by guestbloggerDr Barnaby Dicker (Visiting Tutor in Critical and Historical Studies) and Dr Marquard Smith (Research Leader and Head of Doctoral Studies) of School of Humanities, Royal College of Art, London write about their innovative Being Human festival project.
#PotW: The United Nations and End of Empire: Revisiting the Role of UN Secretary General Dag Hammarskjöld – 8 September
Dag Hammarskjöld left a lasting imprint on the United Nations and on approaches to global policy issues. This Colloquium will assess his legacy and will explore his role vis-à-vis the global South and decolonization, especially on the African continent. Continue reading →
In this guest blog Sophie Duncan, Deputy Director of the National Coordinating Centre for Public Engagement, reflects on public engagement in the humanities, and on the Being Human festival as a ‘renaissance’ in this area. The post also offers some practical ‘how-to’ tips on public engagement activity. The Being Human festival is led by the School of Advanced Study, University of London in partnership with the Arts and Humanities Research Council and the British Academy.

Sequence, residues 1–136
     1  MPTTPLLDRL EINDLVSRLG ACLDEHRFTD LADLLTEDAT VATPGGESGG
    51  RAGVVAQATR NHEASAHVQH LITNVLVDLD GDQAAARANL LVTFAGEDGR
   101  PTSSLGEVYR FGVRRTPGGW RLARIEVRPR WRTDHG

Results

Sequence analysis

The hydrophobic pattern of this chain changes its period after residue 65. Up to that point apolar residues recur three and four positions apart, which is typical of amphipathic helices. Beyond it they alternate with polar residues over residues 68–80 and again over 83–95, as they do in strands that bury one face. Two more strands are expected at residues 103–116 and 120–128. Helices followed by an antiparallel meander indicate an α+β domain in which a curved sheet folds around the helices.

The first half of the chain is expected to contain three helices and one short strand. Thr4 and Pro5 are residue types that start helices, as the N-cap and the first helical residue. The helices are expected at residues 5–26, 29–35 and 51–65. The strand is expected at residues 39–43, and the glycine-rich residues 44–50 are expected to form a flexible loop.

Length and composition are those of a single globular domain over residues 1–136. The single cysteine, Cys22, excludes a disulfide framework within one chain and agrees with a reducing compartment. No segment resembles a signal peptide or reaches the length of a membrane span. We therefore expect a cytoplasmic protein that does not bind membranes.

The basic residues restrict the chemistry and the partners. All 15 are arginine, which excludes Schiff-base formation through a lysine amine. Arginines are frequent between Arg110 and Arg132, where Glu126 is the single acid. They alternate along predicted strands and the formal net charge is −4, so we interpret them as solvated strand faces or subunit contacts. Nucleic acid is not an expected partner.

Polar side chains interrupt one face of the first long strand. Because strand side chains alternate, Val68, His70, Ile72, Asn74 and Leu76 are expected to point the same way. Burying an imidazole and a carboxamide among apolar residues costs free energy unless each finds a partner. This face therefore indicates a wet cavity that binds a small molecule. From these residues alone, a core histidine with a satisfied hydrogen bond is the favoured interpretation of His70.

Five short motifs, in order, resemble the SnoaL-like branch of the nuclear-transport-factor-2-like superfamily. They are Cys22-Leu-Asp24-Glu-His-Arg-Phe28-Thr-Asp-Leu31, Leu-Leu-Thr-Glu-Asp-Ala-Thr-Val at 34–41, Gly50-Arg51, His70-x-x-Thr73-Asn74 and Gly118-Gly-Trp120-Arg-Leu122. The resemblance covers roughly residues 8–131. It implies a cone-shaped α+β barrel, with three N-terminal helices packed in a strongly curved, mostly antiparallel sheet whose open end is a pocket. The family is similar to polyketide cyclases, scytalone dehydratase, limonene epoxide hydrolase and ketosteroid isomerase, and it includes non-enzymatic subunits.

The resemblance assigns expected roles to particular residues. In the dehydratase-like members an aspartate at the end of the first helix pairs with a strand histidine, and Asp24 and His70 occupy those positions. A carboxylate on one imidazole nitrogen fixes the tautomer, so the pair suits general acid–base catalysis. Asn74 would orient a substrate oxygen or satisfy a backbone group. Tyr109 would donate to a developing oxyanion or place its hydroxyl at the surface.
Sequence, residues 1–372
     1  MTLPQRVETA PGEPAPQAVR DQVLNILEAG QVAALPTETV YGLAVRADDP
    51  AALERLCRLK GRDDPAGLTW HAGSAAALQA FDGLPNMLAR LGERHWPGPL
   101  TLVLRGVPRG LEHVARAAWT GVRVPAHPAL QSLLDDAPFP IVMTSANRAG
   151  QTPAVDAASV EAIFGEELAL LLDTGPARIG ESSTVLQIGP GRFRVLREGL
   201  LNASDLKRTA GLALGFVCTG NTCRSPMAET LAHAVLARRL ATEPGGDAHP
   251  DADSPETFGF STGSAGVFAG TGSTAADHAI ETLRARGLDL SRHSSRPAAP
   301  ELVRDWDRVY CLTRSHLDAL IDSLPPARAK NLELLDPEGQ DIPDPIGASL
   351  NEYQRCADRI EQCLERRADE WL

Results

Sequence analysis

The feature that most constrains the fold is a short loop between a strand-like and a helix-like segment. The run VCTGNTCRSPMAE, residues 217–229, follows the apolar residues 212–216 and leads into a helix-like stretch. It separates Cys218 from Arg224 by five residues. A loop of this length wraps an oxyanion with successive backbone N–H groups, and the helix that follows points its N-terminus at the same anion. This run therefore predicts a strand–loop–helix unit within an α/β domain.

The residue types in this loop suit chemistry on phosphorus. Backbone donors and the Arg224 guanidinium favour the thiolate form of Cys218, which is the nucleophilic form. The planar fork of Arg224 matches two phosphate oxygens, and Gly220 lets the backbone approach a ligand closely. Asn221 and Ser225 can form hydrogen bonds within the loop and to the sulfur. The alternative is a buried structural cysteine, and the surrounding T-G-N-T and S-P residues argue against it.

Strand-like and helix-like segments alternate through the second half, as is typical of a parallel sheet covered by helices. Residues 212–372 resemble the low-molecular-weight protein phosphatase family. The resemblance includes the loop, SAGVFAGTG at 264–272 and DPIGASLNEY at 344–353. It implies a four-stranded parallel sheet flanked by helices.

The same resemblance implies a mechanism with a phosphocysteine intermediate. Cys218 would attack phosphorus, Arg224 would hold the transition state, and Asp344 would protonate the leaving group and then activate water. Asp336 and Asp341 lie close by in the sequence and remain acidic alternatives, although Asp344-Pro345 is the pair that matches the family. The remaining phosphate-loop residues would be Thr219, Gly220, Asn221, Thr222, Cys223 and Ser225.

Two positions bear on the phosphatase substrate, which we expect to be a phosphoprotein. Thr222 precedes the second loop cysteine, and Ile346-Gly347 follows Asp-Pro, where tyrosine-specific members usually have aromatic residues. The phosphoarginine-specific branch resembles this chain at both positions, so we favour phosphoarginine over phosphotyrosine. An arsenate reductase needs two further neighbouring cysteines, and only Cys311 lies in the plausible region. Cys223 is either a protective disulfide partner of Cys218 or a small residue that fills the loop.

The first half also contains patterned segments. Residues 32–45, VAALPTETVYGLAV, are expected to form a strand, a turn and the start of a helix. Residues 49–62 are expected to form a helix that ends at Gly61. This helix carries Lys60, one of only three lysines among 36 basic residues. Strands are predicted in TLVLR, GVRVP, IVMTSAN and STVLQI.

The value of the humanities
The Being Human festival promises to be a key focal point for a renaissance in public engagement with the humanities. How so? It goes without saying that humanities researchers engage with the public in a variety of ways, and many do it rather well. However Professor Barry Smith suggests that despite this, there is very little public understanding of the value and nature of humanities research. Continue reading →
In a major piece of research facilitation, IES Associate Fellow Dr Karen Attar is editing the third edition of the Directory of Rare Book and Special Collections in the United Kingdom and Republic of Ireland for CILIP’s Rare Books and Special Collections Group. In this second post (the first can be found here) Dr Attar discusses the elusiveness of finding the right organisations to bring the Directory up to date. Continue reading →
Based at the School of Advanced Study, University of London, Professor Simon Eliot and Dr Henry Irving are leading research into the communications history of the Ministry of Information. Their post reflects on how this research has shaped their contributions to the Being Human festival programme, and of the importance of public engagement with humanities research. Continue reading →